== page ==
Vacant bedroom charge
Last published 16 Aug 2023
What is a vacant bedroom charge?
A Vacant bedroom charge is where a public housing tenant pays more money towards their rent each week, as the property is larger than they need.
Why do you have a Vacant bedroom charge?
There are many people waiting for public housing. At the same time, there are tenants living in properties that are larger than they need. This is called under-occupancy.
DCJ encourages these tenants to transfer to a smaller property, which frees up larger properties for other households. A tenant who requests a transfer because of under-occupancy, and then refuses to move to a property offered to them, will pay a Vacant bedroom charge.
This is so we have a fair system for all.
How much is a Vacant bedroom charge?
A Vacant bedroom charge is:
- $20 per week when there is one person in the household aged 16 years and over, or
- $30 per week when there are two people or more in the household aged 16 years and over.
Who pays a Vacant bedroom charge?
A Vacant bedroom charge is paid by public housing tenants.
Tenants living in community housing and Aboriginal Housing Office properties do not pay a Vacant bedroom charge.
Under the Social Housing Management Transfer program, if you are currently being charged the Vacant bedroom charge by DCJ and the management of the property is transferred to a community housing provider, you will continue to pay this charge until the end of your lease or you move into a smaller dwelling.
How does DCJ decide whether a tenant needs to pay a Vacant bedroom charge?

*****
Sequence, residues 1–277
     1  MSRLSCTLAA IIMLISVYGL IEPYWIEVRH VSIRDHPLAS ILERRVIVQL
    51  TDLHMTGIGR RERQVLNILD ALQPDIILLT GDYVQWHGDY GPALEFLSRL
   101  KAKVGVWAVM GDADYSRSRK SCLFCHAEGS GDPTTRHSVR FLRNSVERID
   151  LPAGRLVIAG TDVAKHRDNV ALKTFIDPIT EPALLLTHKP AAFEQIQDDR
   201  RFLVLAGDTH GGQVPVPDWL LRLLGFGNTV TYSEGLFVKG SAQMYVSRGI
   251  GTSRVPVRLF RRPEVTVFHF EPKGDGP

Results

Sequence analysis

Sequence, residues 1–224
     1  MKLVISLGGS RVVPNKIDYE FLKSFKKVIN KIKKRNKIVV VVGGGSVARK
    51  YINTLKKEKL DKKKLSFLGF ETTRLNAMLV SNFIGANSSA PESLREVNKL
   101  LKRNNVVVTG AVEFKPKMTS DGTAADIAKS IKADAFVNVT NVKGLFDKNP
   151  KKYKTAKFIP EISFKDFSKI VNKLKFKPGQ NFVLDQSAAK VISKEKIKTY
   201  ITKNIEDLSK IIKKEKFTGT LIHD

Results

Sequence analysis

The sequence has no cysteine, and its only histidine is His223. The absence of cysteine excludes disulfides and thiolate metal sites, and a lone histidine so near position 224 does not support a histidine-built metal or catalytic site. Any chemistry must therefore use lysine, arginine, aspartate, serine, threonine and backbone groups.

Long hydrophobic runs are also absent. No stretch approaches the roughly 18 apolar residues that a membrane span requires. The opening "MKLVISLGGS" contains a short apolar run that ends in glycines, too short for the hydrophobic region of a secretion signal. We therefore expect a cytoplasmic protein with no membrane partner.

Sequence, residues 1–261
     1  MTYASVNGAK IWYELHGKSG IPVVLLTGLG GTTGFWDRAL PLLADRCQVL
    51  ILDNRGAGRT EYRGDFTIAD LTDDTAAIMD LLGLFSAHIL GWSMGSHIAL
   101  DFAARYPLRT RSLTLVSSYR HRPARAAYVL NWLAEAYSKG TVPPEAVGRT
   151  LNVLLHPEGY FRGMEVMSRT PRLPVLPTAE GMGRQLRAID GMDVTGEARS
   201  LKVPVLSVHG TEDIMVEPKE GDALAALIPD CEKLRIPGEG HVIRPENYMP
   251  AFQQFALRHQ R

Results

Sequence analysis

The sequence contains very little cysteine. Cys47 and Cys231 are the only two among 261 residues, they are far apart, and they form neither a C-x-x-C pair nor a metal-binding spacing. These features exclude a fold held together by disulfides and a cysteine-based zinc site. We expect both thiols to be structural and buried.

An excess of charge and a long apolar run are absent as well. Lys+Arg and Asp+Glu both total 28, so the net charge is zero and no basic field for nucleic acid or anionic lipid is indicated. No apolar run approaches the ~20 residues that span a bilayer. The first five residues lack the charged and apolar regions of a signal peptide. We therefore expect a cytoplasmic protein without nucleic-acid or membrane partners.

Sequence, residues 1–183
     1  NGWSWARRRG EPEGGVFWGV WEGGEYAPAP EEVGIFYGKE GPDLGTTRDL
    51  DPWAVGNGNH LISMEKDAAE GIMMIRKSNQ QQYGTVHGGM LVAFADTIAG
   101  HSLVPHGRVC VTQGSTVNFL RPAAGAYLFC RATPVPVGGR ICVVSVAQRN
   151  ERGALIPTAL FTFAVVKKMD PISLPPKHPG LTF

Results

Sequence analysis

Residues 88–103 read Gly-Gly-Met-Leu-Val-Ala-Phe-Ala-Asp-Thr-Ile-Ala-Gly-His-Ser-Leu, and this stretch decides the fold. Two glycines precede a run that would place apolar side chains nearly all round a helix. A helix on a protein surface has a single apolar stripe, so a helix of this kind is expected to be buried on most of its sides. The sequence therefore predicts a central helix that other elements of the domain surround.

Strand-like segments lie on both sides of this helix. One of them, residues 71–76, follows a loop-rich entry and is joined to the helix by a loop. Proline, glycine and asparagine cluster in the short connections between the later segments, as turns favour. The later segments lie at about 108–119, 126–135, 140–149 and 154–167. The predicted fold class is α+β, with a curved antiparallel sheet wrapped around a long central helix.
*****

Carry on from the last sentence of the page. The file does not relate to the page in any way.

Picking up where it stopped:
DCJ looks at the number of bedrooms in a property and the number of people living in a property.
For example, a single person living alone in a three bedroom property may need to pay the charge as they have two extra bedrooms not being used.
Some tenants need extra bedrooms for things such as storing specialist medical equipment. DCJ takes this into account when looking at whether a tenant needs to pay a Vacant bedroom charge.
This table shows the number of bedrooms a tenant is entitled to, for their type of household:
|Household type||Standard bedroom entitlement|
|Single people||Studio, one or two bedrooms|
|Couples||One or two bedrooms|
|Single people or couples with one other household member||Two or three bedrooms|
|Single people or couples with two other household members||Two or three bedrooms|
|Single people or couples with three other household members||Three or four bedrooms|
|Single people or couples with four other household members||Three or four bedrooms|
|Single people or couples with five or more other household members||Four bedroom or, if available, five or more bedrooms [*]|
|[*] Clients who have a five bedroom household complement will generally be offered a four bedroom property unless a five bedroom property is vacant when the client’s turn is reached. This is because of the limited availability of five bedroom accommodation.|
What if I don't want to pay a Vacant bedroom charge?
You can ask for a transfer to a smaller property if you feel your home is too large to maintain or you have extra bedrooms.
Your transfer will be listed as a priority on the NSW Housing Register, so you can downsize to a smaller home as soon as one becomes available.
DCJ may also ask you to move to another property that better suits your household.
Did you know that most tenants who are approached by DCJ to relocate to another property for management purposes support their relocation, and accept their first offer of alternative housing?
What if I don’t agree with the decisions DCJ has made?
You cannot appeal the decision to move to another property or appeal a decision to apply the Vacant bedroom charge. However, if you can show that an offer of accommodation is not reasonable or disagree with any decision DCJ made throughout the relocation process, you can request a formal review. To do this fill in the review of decisions application available online or from your local DCJ Housing office.
What if I want more information or want to talk to someone?
You can talk to your client service officer at your local DCJ Housing office.
For more information about the relocation process, see the relocating tenants for management purposes factsheet.